To keep a bell to remind us of emptiness. There are two types of bell: outer and inner. To remind us of the meaning of the wisdom directly realizing emptiness we are advised to keep an outer bell, or a picture of one. Through gradually training in great bliss and emptiness, eventually we shall attain the union of great bliss and emptiness, which is the very essence of Secret Mantra. The bell also symbolizes the practitioner’s personal deity and mandala. Realizing this we should regard it as an object of the field of merit and make offerings to it. Just as with the vajra, the real meaning of this vow is to attain the inner bell, which is the realization of emptiness.
A bell is helpful for reminding us of emptiness because just as a bell’s sounds arise from echo like waves moving through space, so too all phenomena are echo-like karmic waves moving through emptiness. Sounds also remind us of emptiness because although they appear to our ear awareness, they do not truly exist and cannot be found anywhere.
While of course the logical reasoning establishing emptiness is necessary to realize it, sometimes people mistakenly understanding training in emptiness to be some exercise in philosophical abstraction. Our training in emptiness is actually quite different from this. During our meditation sessions, we do all sorts of different visualizations.
As we do these visualizations, I find it most helpful to view things in one of two ways. The first is to view everything I am visualizing as mental holograms generated in the space of emptiness. There is nothing actually there other than the mental holograms I am generating. I can generate this awareness by thinking, “though it appears, it does not truly exist.” I have programmed my mind where when I recall these words, I am able to see my visualizations in this light. It is like I take a step back out of the world of appearances and instead view the appearances from the perspective of emptiness. Yet, I am still aware that they have been generated intentionally by my mind through effort.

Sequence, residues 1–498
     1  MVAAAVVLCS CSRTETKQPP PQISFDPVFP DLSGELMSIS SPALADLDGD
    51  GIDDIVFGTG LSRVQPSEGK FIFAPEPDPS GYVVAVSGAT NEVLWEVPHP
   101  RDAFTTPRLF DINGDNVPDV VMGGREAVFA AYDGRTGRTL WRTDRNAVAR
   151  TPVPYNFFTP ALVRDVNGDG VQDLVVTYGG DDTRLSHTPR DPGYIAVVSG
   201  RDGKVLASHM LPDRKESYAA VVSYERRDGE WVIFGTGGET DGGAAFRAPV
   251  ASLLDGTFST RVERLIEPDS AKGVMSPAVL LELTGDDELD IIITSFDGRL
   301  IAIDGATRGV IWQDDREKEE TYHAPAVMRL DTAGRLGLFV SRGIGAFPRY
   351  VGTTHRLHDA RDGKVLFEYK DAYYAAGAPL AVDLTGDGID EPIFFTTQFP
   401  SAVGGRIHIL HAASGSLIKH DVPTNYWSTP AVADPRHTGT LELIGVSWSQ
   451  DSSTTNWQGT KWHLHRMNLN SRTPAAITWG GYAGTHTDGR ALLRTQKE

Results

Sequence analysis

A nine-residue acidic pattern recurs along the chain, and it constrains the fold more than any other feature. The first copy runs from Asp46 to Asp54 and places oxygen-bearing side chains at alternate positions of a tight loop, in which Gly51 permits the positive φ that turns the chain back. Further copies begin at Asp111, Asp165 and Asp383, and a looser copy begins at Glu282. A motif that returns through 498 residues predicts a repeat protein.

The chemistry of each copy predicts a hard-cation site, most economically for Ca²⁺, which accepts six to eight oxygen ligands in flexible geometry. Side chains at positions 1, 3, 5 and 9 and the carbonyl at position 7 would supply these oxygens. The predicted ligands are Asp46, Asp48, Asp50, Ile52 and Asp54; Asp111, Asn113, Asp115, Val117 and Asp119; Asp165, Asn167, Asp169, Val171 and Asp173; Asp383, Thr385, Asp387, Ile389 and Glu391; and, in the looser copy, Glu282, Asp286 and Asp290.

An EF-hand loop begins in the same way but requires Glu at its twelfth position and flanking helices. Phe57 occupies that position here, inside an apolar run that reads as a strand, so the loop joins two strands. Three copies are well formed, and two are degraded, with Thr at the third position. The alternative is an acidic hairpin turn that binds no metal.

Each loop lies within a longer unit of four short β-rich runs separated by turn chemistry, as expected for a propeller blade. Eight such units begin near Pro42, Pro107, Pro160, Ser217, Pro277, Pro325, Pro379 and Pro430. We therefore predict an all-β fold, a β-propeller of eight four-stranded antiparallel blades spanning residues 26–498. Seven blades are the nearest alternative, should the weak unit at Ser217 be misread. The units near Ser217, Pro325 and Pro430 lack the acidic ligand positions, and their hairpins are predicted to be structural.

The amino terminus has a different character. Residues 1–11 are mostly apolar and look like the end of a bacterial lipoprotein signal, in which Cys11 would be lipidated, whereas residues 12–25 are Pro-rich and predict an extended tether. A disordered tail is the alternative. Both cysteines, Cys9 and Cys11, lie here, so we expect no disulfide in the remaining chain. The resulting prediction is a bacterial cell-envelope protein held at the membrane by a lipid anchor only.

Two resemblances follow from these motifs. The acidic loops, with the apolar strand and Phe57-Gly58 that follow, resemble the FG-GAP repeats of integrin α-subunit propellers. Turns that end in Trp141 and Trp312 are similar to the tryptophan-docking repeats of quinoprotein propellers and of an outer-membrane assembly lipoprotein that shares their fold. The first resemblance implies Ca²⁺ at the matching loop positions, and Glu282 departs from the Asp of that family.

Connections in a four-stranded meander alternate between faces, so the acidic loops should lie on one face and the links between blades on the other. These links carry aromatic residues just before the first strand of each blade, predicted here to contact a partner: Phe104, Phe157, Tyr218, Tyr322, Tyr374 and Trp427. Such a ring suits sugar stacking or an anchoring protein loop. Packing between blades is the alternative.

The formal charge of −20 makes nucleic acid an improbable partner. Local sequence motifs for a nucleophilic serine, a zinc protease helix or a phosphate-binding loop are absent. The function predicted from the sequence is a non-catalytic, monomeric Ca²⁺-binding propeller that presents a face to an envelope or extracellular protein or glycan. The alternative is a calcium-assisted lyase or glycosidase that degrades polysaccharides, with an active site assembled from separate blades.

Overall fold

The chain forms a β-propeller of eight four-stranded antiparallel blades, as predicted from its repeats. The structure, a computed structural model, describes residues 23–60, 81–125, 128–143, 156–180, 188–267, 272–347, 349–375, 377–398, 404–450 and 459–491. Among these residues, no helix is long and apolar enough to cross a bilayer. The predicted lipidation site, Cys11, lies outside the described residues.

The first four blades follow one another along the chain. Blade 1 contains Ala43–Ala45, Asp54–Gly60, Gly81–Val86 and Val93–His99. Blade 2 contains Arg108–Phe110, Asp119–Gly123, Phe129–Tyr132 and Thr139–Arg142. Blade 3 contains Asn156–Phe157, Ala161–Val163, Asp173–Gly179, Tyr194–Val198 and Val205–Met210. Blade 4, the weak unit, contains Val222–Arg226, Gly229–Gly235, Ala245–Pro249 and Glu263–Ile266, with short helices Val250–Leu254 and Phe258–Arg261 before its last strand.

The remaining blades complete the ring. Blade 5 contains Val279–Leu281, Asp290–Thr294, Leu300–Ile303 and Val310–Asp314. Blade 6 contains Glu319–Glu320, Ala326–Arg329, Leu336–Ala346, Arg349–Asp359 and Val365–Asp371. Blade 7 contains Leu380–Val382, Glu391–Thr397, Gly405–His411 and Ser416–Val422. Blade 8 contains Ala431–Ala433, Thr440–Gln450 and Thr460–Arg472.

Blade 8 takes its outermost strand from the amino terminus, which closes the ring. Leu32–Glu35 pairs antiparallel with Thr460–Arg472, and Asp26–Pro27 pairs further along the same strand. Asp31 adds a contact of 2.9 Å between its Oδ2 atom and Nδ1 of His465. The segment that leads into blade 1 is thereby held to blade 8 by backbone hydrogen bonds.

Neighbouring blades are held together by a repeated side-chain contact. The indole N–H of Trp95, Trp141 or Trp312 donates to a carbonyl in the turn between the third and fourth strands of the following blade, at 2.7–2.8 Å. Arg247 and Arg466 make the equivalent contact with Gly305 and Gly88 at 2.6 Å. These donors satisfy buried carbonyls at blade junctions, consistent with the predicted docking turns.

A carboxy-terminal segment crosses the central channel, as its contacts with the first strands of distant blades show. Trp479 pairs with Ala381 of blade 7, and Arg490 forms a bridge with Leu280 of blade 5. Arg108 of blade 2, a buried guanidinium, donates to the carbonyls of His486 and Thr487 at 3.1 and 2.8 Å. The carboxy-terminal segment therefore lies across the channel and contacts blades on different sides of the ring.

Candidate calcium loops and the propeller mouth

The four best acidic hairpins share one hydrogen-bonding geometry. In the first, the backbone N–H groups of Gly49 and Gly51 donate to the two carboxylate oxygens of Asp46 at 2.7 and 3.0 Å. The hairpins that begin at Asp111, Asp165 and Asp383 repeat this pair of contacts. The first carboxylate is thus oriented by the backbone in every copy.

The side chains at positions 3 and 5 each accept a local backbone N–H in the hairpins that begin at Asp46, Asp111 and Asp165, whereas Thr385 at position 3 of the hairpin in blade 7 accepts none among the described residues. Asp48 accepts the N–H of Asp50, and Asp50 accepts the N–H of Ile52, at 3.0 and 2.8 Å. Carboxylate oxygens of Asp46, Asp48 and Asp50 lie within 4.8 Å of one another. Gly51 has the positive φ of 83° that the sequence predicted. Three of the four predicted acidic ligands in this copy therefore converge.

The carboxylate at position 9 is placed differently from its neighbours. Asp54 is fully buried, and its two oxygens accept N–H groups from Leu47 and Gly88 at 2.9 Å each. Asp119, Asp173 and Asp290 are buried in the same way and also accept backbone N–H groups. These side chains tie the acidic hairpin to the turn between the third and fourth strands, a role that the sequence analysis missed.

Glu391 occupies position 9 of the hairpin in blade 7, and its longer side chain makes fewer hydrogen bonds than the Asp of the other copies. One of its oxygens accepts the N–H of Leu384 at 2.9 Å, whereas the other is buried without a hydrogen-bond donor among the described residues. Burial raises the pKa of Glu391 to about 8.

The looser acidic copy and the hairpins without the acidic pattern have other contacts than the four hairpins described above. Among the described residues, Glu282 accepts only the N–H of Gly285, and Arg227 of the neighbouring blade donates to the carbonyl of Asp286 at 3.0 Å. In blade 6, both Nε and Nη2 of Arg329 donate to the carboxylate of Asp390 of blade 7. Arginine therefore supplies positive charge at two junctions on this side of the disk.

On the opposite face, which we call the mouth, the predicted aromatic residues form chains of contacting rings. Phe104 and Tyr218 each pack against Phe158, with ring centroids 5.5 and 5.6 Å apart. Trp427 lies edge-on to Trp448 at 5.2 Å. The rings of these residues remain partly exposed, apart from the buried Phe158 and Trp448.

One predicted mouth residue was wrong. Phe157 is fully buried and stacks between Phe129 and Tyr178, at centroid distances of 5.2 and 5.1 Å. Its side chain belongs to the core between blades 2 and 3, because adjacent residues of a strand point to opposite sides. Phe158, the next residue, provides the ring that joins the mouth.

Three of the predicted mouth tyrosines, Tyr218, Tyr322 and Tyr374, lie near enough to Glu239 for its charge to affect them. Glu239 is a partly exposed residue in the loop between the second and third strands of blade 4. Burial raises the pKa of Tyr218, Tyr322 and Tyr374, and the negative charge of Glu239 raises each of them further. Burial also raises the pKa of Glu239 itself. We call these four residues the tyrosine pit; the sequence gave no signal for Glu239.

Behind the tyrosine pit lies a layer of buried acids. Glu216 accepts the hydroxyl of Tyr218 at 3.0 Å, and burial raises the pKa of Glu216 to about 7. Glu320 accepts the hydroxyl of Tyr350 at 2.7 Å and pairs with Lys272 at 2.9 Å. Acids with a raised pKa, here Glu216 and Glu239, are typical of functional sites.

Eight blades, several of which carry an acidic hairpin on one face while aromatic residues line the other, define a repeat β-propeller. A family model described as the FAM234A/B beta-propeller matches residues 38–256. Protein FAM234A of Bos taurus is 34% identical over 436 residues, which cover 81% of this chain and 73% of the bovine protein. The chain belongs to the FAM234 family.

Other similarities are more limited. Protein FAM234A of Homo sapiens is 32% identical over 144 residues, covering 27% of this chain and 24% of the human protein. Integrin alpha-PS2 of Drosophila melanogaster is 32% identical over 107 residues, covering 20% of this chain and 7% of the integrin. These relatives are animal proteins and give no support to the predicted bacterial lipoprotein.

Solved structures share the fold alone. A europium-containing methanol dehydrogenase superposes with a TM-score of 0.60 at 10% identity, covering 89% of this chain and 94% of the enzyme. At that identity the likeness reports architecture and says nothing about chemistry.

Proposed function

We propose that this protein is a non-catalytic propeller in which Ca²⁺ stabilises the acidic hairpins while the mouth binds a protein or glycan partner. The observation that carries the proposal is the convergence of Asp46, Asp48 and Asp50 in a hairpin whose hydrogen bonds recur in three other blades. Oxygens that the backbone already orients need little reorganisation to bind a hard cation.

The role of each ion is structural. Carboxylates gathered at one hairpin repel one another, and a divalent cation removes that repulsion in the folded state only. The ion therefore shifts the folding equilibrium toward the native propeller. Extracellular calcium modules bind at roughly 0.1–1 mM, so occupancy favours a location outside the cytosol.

The second way is I view the emptiness of my mind like a giant clear light play dough, and when I do the different visualizations, I feel as if I am molding the play dough of my mind into the aspect of the different visualizations. Physical yoga is a process of putting our body in all sorts of strange physical shapes and positions, and we cycle through different positions in a defined sequence, and doing so functions to untie the knots and obstructions in our body. Tantric practices are often called “yogas.” The meaning here is the same. Through engaging in the sadhana, we cycle our mind through different mental positions in a defined sequence, and doing so functions to untie the knots and obstructions in our subtle body and mind. By engaging in different visualizations, we are putting and holding our mind in different mental positions. We are literally reshaping our mind, and by doing so we karmically reshape the world.
There are a couple of different methods we can use to combine bliss and emptiness together in our meditation. First, Kadam Bjorn said, “bliss is what emptiness feels like.” In other words, when our aggregate of discrimination realizes emptiness, our aggregate of feeling naturally “feels” bliss. These two together then combine into a single primary mind of bliss and emptiness in the same way that our ear awareness and our eye awareness combine into a single experience of a bird chirping.
Second, using the play dough analogy, we can feel as if the emptiness if our mind is like our body of bliss, and we shape it into the aspect of our visualization. It is like a liquid metallic creature from some Hollywood movie, where the substance is the liquid metal (of bliss), but the aspect is the shape of the creature (or deity). During the meditation break, we can train in emptiness by viewing everything as a karmic dream, or like a karmic movie unfolding in the space of the emptiness of our mind. We don’t need to do elaborate logical syllogisms, just view the world through the wisdom glasses of seeing everything as a karmic dream.
We can consider any number of other analogies, such as karmic waves on the ocean of our mind, or karmic echoes moving through the space of emptiness, mental holograms dancing around us. It suffices to just recall one of these analogies, and then choose to “view” or “see” the world through this lens. When we do so, we are able to easily recall emptiness and carry our realization of it with us throughout the day. We can combine bliss and emptiness during the meditation break in the same way explained above that we do for the meditation session.